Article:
Tuesday, September 29, 2009

Time Running Out On Financial Reform

Both Obama and Barney Frank want to see financial regulation passed by the end of the year, but the progress so far is not encouraging. Each day that meaningful reform is delayed makes success tougher, as public interest of the issue continues to fade. See the following discussion from Mark Thoma's blog.

Simon Johnson and James Qwak wonder how much political capital the administration is willing to use to meaningfully reform the financial system:

It's Crunch Time: The Fight to Fix the Financial System Comes Down to This, by Simon Johnson and James Kwak, Commentary, Washington Post: The next couple of months will be crucial in determining the shape of the financial system for decades to come. And so far, the signs are not encouraging.

The Obama administration is trying to refocus our attention on regulation, beginning with the president's speech in New York two weeks ago. ... Barney Frank, chairman of the House Financial Services Committee, says that he still plans to pass a regulatory reform bill before the end of the year.

But in a clear indication of trouble ahead, Frank signaled his intention last week to scale back the proposed Consumer Financial Protection Agency, one of the pillars of the administration's reform proposals. ...

We have criticized the administration's reform proposals, in particular for not going far enough to address the problem of financial institutions that are "too big to fail." But we support much of what was in the original package... The question now is how hard Obama and Geithner will fight for it.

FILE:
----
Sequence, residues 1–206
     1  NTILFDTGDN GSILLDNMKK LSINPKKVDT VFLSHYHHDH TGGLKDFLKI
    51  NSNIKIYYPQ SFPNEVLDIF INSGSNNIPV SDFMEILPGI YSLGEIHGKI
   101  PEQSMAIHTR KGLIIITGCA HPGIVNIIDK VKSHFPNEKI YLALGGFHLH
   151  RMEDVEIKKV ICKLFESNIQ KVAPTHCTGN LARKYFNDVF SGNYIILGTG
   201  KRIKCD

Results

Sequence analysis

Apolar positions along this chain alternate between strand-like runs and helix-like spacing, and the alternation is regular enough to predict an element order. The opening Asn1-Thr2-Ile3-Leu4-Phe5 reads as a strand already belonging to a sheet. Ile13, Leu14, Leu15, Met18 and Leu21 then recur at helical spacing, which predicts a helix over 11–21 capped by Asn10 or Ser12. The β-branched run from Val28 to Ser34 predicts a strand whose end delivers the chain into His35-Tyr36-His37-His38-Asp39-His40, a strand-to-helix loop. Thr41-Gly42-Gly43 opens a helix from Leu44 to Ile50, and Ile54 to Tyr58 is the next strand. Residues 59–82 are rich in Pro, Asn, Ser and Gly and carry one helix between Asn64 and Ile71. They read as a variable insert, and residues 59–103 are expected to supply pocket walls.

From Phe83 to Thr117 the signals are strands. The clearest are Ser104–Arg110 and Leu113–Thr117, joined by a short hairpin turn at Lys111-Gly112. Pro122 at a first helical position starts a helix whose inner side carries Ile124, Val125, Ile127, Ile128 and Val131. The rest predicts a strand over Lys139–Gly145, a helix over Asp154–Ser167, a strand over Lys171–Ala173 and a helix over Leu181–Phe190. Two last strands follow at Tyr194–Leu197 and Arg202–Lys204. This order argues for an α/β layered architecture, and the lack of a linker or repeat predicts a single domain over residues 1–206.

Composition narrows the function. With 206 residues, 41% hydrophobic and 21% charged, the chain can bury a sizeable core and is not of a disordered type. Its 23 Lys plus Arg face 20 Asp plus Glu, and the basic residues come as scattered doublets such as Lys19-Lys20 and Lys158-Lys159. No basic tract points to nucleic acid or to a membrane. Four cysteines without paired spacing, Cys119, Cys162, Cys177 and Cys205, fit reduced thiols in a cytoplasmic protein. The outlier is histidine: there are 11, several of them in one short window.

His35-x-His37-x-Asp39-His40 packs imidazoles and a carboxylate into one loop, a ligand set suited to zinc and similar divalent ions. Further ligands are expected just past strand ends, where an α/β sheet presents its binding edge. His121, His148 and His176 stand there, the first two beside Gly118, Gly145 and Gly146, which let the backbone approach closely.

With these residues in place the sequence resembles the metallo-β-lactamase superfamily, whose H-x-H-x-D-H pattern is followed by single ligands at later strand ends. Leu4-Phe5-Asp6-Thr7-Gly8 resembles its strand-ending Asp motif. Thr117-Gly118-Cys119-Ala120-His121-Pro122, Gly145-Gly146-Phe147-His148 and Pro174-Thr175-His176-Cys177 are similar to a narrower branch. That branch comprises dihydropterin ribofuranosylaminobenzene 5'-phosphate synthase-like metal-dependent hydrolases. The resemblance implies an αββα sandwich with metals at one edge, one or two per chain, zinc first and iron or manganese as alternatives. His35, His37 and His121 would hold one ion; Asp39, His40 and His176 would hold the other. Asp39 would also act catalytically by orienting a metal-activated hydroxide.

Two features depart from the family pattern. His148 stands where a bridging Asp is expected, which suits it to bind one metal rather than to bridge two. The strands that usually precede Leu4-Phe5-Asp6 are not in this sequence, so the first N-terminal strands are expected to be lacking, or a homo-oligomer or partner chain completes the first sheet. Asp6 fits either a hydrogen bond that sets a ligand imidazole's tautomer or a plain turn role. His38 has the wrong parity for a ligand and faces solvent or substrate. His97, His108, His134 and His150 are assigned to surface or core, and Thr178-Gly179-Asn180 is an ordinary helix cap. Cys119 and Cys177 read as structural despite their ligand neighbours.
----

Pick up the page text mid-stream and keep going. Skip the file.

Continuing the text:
Financial regulation, like health care reform, has entered the phase where speeches and proposals matter less than arm-twisting and horse-trading on Capitol Hill. With health care, President Obama attempted to go over the heads of Congress, directly to the American people. With financial regulation, that is no longer an option, given the extent to which it has faded from public consciousness. Instead, the administration is playing on the home turf of the banking industry and its lobbyists. ... Is Obama up for this fight? ...

Elections have consequences, people used to say. This election brought in a popular Democratic president with reasonably large majorities in both houses of Congress. The financial crisis exposed the worst side of the financial services industry to the bright light of day. If we cannot get meaningful financial regulatory reform this year, we can't blame it all on the banking lobby.

The initial bill needs to be as strong as possible, and I agree that the administration needs to do what it can to prevent the bill from being scaled back. However, the initial legislation won't be as strong as I'd like even if the administration does prevail. But I hope we aren't thinking that we'll take one stab at financial reform and then we'll be done with it. Like climate change and health care, it will require a series of bills to achieve effective reform.

This post has been republished from Mark Thoma's blog, Economist's View.

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